The English language is possibly the most complex, and certainly the most original tongue on the planet. Which is, of course, amusing, since very few of the words in common use today among English speakers actually originated in English. The “great language of the common man,” as etymologist Charles Funk once put it, is as diverse as the people who speak it, and has managed to beg, borrow or steal words from virtually every other language on the planet.
This is the third in a series of articles that will ultimately look at some two hundred words. In each case, the best available authorities have been consulted, and where necessary, multiple points of view have been noted.
Current meaning: The condition of being scared
Where it comes from: The root of this word is the noun “fray,” which now means a battle or skirmish. However, in its original incarnation, the word referred to the alarm given before the battle began, and by process of time, came to refer specifically to the alarm given due to a surprise attack. From this usage came the verb “to affray,” meaning “to startle awake.” As the condition of being startled is generally linked closely with the condition of being frightened, one who was “affrayed” was generally held to be scared as well as startled. Due primarily to a lack of uniform spelling in the late seventeenth century, the word was changed to its current form.
Current meaning: A single or double long running stitch, or the use of such; the periodic bathing of roasted meat with liquids
Where it comes from: Like other words with multiple meaning, this word arose from two separate roots. The stitch arises from a French source, while the cooking term is a corruption of an old Norman word.
In Kameric (also called Cambrai), a region in France, textiles formed the bulk of the exports from the area’s industries. Among the fabrics produced was a thin and lightweight linen fabric so fine and soft that it quickly became a high-demand product. Little is known of the weaver of this particular fabric beyond his name: Jean Baptiste. English importers of the fabric had already given the name “cambric” to the fabric of the region, and so adopted the last name of the weaver as a term to distinguish the new and more desirable fabric. Accordingly, they referred to it as batiste, ignoring French spelling conventions. It was quickly determined, however, that the fabric required a longer stitch than its heavier cousins in order to avoid puckering or pulling of threads. Tailors rapidly named this longer stitch the batiste stitch and by process of time shortened it to simply baste.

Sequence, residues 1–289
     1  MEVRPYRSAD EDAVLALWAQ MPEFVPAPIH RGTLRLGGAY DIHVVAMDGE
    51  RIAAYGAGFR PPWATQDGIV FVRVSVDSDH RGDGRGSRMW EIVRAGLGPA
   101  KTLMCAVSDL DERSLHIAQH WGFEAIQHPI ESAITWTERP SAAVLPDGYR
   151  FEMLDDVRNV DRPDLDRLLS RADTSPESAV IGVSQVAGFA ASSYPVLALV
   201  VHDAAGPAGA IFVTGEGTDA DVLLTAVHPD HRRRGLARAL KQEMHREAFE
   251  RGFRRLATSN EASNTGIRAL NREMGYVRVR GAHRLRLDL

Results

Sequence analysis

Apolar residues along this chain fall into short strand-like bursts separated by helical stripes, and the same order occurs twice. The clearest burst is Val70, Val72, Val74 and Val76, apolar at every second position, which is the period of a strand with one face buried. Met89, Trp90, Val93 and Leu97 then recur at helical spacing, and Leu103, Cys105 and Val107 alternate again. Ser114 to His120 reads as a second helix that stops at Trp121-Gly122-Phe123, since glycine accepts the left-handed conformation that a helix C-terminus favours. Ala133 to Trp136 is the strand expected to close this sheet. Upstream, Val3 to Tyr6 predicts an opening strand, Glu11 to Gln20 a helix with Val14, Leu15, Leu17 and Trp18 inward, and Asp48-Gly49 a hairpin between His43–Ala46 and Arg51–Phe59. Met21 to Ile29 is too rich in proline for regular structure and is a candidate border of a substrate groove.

The roasting of meats over low-temperature fires for long-term preservation has long been a staple method of virtually every ancient people. In the region of Normandy, however, it was common practice to brush the slowly-cooked meats with a mixture of blood and seawater during cooking, rather than using a coarse salt. The method was said to preserve the flavor of the meat for far longer, while still inhibiting rot. The Norman term for the method was “bastizo,” possibly coming from the Greek “baptizo” which means “to immerse fully.” The method, and the word, entered English shortly after the 1066 invasion of England, where it was further corrupted to “bastize“, “bastie” and, finally, to “baste.”
Current meaning: Openness or honesty; straightforward speech
Where it comes from: Roman male citizens, of any rank, were permitted and even encouraged to seek public office as a service to their fellow-man. Thus, it was not uncommon for even the most menial of the Roman citizenry, essentially anyone not a slave, declaring at some time or another as a candidate for the Senate. To narrow the field somewhat, the Roman Senate required physical display of such a declaration starting around 400 BC. The display chosen was the donning of a pure white toga, usually made of fine linen into which chalk had been rubbed to improve upon the whiteness. Thus, the new-declared “candidatus” simultaneously declared his motives to be pure and blameless, and that his integrity was unsoiled. The Latin word, which translates as “dressed in white,” has spawned the English word “candidate” from the use of the robe to declare for public office. By implication, then, the array of purity also spawned “candidus,” a Latin term that meant “truth,” “purity,” or “uprightness.” Shortly after the death of Shakespeare, the word “candid” entered the English language, and “candor” was introduced some five decades later, probably as the result of further corruption of the original Latin.